2020 Volume 41 Issue 2 Pages 73-78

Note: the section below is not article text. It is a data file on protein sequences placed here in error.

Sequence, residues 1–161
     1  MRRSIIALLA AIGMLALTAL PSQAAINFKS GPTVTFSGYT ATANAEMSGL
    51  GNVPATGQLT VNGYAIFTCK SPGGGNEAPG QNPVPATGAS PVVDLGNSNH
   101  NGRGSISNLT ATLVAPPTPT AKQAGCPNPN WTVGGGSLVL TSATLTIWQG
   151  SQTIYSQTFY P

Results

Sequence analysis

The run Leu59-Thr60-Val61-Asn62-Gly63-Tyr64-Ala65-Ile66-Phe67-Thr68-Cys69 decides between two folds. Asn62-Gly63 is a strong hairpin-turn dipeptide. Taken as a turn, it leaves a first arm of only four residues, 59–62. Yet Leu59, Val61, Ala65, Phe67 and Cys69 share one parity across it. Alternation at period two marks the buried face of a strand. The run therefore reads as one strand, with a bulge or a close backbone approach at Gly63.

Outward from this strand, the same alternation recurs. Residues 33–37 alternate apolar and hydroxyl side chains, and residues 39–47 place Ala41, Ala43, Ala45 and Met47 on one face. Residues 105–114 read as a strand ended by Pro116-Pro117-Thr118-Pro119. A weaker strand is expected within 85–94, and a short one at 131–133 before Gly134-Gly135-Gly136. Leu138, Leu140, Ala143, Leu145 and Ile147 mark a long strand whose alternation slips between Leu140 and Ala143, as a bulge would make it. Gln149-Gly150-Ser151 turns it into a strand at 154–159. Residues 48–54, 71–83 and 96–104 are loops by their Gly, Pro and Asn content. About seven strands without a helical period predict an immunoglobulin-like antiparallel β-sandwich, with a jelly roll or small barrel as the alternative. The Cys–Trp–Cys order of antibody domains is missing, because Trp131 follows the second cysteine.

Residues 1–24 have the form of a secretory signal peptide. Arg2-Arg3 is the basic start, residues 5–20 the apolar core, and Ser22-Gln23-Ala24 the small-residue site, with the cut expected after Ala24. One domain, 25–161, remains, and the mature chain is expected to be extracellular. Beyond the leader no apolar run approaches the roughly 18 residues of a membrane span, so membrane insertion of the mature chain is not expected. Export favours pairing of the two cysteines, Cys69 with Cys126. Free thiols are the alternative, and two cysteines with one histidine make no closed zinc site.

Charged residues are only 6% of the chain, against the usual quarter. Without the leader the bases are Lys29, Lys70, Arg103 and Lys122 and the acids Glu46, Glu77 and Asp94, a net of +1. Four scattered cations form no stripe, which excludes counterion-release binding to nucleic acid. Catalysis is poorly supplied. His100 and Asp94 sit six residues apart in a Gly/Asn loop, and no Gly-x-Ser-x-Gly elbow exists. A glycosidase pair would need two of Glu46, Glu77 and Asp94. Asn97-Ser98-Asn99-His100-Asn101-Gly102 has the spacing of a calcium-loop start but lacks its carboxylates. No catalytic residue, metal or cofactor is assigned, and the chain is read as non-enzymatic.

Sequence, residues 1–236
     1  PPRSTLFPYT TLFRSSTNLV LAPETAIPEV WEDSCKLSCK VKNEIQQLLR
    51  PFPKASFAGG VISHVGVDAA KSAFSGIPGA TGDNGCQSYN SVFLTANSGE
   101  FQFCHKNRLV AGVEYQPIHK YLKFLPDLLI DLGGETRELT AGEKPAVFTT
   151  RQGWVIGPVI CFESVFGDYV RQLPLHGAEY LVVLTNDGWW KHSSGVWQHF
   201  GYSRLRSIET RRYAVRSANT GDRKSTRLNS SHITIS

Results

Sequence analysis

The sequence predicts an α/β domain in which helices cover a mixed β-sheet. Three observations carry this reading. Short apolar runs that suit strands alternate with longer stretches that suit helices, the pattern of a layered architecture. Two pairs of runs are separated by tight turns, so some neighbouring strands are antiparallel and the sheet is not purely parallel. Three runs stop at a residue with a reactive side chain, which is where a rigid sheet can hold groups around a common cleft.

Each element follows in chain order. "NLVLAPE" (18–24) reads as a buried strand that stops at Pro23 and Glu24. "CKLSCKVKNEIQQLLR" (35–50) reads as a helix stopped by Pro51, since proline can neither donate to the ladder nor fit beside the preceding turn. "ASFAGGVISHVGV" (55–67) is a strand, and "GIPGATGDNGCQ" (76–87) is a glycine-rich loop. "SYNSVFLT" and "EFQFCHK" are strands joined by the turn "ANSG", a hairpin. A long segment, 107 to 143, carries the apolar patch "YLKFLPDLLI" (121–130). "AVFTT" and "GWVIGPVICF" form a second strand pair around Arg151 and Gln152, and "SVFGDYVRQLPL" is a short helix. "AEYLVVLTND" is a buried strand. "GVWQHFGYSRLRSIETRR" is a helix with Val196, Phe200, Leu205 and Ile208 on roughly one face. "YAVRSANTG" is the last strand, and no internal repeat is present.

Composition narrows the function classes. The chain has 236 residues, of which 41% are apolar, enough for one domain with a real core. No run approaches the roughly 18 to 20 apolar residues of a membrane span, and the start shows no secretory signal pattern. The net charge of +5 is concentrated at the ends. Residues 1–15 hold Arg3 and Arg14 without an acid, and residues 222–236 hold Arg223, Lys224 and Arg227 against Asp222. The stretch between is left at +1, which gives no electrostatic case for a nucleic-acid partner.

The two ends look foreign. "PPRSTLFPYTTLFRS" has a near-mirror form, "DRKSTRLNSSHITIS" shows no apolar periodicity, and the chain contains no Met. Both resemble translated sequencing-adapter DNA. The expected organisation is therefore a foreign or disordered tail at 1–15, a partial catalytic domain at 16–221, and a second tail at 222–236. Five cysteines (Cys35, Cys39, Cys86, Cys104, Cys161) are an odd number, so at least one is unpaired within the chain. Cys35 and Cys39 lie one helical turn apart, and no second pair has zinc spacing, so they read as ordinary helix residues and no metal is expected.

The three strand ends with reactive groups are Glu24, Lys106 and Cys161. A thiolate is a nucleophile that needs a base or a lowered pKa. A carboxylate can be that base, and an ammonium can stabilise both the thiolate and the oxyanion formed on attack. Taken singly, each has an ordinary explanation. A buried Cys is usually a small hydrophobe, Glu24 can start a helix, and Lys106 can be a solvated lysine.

In order to explore the possibility of determining whether clenbuterol (CLB) was ingested unintentionally via meat products contaminated with CLB or taken intentionally for doping purposes by athletes, we conducted an in vitro study assuming in vivo chiral conversion of CLB. Enzymatic reaction using swine liver tissue or chemical reaction in artificial gastric juice was performed to clarify the chiral conversion of CLB enantiomers. LC/UV measurement revealed no chiral conversion in the enzymatic reaction and temperature-dependent chiral conversion in the artificial gastric juice where CLB finally racemized. From the calculated reaction rate, activation energy (Ea), and activation entropy (ΔS) in the chiral conversion reaction of R-CLB in artificial gastric juice, we expected that this chiral conversion would proceed slowly because Ea was relatively high. After heating at 38°C for 2 h, only approximately 1% of CLB underwent chiral conversion. Therefore, when humans ingest meat products contaminated with CLB having a different enantiomeric ratio, chiral conversion hardly progresses in the stomach and such ingestion would have very little effect on the enantiomeric excess of CLB excreted in urine. This suggests that measuring urinary CLB enantiomeric ratio would reveal whether CLB was ingested unintentionally via CLB-contaminated meat products or taken intentionally.